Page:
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Harvard, Yale, and Princeton could afford to make tuition free

Justin Sullivan

Washington Monthly has ranked elite colleges based on their affordability for middle-class students, and Harvard, Stanford and Dartmouth come out looking good. All of them cost, on average, less than $10,000 per year for students from families making less than $75,000.

But other Ivy League colleges could afford to do even more, the magazine points out. Based on their annual returns, Yale, Princeton and Harvard could give away their education for free without touching the capital in their multibillion-dollar endowments:

Harvard can afford to charge low-income families only $1,533 because it's sitting on an endowment worth $1,240,548 per student. A 5 percent return on that money — and Harvard historically has earned about 12 percent — would generate $62,027 a year, more than enough to cover the $59,950 sticker price for a year at Harvard. It makes you wonder why the school charges lower-income students any tuition at all…. Princeton and Yale both have even bigger endowment per student ratios than Harvard, but charge low- and middle-income students double, triple, or quadruple as much. What's with that?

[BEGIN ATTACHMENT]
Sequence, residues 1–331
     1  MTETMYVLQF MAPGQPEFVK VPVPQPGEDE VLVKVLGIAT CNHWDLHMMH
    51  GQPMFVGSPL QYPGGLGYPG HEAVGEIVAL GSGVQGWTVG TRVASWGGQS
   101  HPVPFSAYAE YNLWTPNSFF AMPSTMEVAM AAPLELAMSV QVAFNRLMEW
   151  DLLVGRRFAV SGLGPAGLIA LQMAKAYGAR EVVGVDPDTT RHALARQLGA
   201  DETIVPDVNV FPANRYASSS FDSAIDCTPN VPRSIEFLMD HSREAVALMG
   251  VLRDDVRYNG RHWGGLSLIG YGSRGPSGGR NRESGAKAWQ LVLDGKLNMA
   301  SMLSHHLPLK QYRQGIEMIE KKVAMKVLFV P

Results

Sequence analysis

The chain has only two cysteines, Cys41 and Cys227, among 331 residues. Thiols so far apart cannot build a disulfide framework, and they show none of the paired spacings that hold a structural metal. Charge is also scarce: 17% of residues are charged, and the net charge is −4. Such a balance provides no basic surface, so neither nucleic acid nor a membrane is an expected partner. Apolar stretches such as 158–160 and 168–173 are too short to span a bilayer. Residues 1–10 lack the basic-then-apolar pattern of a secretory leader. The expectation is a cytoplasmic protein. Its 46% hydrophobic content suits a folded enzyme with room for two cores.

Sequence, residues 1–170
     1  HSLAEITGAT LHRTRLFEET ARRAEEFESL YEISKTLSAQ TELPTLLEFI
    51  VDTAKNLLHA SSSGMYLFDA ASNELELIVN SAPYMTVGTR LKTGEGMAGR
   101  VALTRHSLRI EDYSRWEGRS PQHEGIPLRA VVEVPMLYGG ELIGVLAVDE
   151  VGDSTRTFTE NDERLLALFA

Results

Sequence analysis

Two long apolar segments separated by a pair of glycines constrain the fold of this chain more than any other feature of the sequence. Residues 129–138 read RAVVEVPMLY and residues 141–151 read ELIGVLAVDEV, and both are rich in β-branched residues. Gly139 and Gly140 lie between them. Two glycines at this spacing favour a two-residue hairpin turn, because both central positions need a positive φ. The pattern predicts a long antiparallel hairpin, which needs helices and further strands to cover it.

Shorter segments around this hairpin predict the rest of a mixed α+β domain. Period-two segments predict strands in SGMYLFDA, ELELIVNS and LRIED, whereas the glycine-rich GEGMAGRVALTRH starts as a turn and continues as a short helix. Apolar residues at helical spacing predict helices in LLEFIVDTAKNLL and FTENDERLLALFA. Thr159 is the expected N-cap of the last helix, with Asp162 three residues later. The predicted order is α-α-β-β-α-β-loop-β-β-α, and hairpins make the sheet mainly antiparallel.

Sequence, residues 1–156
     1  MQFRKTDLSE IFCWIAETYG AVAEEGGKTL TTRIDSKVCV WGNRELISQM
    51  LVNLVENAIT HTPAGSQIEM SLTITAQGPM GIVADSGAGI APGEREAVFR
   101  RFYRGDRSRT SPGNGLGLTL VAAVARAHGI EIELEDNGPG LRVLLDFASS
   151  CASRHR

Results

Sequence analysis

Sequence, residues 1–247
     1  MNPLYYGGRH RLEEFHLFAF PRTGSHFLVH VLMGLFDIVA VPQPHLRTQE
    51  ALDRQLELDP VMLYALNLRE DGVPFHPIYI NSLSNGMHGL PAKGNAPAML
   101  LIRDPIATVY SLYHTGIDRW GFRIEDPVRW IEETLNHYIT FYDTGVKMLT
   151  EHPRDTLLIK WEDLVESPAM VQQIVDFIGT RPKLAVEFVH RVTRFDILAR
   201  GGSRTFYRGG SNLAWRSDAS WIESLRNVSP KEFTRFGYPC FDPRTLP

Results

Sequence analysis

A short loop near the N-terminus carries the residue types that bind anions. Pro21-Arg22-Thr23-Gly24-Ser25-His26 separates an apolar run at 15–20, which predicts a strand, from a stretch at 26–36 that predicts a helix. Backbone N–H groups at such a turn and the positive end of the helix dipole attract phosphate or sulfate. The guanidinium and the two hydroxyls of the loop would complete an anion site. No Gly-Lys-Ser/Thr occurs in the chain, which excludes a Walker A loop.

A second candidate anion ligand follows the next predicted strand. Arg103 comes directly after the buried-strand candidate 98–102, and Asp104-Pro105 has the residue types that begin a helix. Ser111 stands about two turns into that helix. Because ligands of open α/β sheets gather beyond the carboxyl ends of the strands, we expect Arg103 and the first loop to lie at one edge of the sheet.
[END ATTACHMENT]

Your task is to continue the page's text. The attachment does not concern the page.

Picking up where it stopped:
Yale has about $1.7 million in endowment money for every student it enrolls and an average annual return of 11 percent for the past 10 years. Princeton has $2.3 million for each student and a rate of return around 10 percent. Stanford, like Harvard, has $1.2 million for each student and an annualized rate of return of 10 percent.

So why charge more than $60,000 per year? Tuition for everyone at the nation's most elite universities would be a giveaway to many wealthy students. Only a handful of universities have such vast per-student resources, and they tend to have rich student bodies already. Statistics from Harvard, which offers financial aid to families making up to $200,000 per year, suggest that at least one-third of students are from families with higher incomes.

But the analysis suggests that it's financially possible — and it raises questions about whether the wealthiest nonprofit universities are being generous enough in admitting and financing poor and middle-class students.